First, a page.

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How to help kids sleep better

By Your Headspace Mindfulness & Meditation Experts

Superheroes can climb walls. They’re fast, strong, and agile. And as any exhausted parent would agree, one superpower worth having is knowing how to make kids sleep.

There are memorable milestones in a child’s life: their first smile, first word, first step. But perhaps the single most longed-for achievement of all is the night your child falls asleep unaided — without having to be cradled, snuggled, or driven around the block.

Millions of parents the world over understand this frustration. Whether your child consistently resists bedtime or wakes up multiple times a night and can’t fall back asleep, the struggle is real. It’s worth remembering, however, that it won’t always be this way, and that there are tried and tested methods to help kids sleep.

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In this article

  • Take 1 minute to breathe before bedtime
  • How much sleep do kids need?
  • How to get kids to sleep
  • Sleep meditations for kids
  • Parents need sleep, too

Take 1 minute to breathe before bedtime

Try this short, calming meditation with your child to wind-down for sleep

Mini-meditation: Breathe - 1 minute

Mini-Meditation: Breathe

1 min

How much sleep do kids need?

Sleep needs vary from child to child, but there are general guidelines regarding how much sleep children should be getting each night. According to the American Academy of Sleep Medicine (AASM), toddlers need 11-14 hours; ages three to five should get 10-13 hours; ages six to twelve need 9-12 hours; and teenagers require 8-10 hours.

Healthy sleep is essential for nourishing children’s bodies and minds. Physically, it’s necessary for restoration, rejuvenation, strengthening the immune system, boosting children’s muscle growth, and regulating hormones. Mentally, it plays an important role in helping children retain information and perform better on memory tasks. In other words, quality sleep also plays a critical role in their cognitive development.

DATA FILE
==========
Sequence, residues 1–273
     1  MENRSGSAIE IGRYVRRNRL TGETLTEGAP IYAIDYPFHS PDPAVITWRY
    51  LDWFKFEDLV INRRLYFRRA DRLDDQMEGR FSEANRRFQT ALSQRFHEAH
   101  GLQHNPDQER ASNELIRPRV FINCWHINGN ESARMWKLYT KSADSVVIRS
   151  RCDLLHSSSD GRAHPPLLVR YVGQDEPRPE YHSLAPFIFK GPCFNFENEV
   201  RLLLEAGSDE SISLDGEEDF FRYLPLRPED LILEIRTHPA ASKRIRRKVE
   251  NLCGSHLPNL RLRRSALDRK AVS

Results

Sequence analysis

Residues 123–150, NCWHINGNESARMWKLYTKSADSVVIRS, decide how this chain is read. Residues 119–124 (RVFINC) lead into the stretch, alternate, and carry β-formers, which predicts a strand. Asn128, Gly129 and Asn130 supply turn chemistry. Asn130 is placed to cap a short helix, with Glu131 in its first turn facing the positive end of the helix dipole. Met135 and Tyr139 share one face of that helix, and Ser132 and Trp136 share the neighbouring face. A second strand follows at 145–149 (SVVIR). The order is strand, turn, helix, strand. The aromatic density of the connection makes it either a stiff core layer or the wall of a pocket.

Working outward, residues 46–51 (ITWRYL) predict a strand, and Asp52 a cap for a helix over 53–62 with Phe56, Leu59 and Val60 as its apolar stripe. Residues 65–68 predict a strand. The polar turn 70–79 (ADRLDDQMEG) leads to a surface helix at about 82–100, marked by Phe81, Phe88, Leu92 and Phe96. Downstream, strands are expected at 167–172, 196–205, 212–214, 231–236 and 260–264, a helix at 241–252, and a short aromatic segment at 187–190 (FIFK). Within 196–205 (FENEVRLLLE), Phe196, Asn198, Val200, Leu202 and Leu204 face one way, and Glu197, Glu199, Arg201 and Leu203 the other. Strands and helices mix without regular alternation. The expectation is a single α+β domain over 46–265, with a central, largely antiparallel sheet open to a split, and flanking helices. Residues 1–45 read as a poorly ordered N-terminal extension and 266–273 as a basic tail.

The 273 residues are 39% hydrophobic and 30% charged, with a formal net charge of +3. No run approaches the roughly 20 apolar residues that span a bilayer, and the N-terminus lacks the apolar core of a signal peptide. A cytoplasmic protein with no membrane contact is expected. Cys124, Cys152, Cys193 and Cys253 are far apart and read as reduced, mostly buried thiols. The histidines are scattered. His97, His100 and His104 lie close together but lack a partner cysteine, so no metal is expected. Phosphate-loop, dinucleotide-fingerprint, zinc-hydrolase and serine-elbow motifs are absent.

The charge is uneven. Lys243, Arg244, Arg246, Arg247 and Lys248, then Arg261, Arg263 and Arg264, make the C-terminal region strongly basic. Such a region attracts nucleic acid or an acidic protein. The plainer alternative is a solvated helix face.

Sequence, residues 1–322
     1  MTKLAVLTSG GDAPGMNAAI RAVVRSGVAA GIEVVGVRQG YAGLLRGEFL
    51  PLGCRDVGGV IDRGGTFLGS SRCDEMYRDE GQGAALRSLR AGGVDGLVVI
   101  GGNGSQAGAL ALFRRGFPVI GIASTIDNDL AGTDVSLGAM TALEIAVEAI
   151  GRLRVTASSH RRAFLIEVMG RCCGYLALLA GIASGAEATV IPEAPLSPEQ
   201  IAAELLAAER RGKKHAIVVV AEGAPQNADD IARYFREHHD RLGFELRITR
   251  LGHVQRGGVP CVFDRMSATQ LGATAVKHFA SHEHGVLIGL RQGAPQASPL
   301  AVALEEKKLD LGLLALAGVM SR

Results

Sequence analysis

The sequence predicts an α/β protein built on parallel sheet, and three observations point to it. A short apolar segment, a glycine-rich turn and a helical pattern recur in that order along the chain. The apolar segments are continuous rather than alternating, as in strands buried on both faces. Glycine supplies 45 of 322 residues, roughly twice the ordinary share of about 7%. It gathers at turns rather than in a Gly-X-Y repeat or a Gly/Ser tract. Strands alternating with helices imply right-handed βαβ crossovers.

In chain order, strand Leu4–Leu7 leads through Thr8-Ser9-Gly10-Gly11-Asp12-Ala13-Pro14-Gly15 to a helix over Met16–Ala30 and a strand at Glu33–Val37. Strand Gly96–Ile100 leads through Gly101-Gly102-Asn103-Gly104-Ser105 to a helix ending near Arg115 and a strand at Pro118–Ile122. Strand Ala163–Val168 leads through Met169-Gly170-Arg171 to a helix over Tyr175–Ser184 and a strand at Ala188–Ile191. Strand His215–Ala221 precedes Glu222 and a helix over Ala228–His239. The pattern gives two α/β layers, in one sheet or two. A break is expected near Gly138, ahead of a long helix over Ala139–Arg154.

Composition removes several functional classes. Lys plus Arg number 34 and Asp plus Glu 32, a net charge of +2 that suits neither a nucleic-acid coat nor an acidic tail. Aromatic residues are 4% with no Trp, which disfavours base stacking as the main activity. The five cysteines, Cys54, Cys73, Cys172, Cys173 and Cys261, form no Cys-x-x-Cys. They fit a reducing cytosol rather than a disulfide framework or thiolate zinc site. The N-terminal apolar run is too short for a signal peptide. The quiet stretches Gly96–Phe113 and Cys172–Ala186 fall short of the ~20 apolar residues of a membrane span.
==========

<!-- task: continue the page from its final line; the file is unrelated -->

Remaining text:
How to get kids to sleep

Being a kid is a busy job. After a long day of school work and playing around the house, yard, or neighborhood, their bodies and minds need time to wind down. So, when it comes to getting kids to sleep, preparation is everything.

Just like good sleep hygiene for adults suggests, an optimal toddler bedtime routine actually begins well before climbing under the covers. Here are a few things to try with your kids throughout the day that may help sleep come easier at night:

1. Be a stickler about bedtime.

Even if you get hit with puppy eyes and a persuasive plea to stay up past bedtime, do your best to create a consistent sleep schedule for kids. While this is admittedly easier said than done, setting fixed bedtimes and wake-up times (even on weekends) has been proven to promote and maintain a healthy circadian rhythm, making it easier for your child to fall asleep and wake up naturally.

2. Pull the plug on electronics and bright light before bed.

Screen time doesn’t help dream time. Both the blue light from devices and bright ambient light can suppress the secretion of melatonin, tricking the brain into thinking it’s daytime. In the ambitious odyssey that is figuring out how to get kids to sleep, powering down electronics, dimming the lights, and not using phones before bed can all make a major difference.

3. Give them some green time.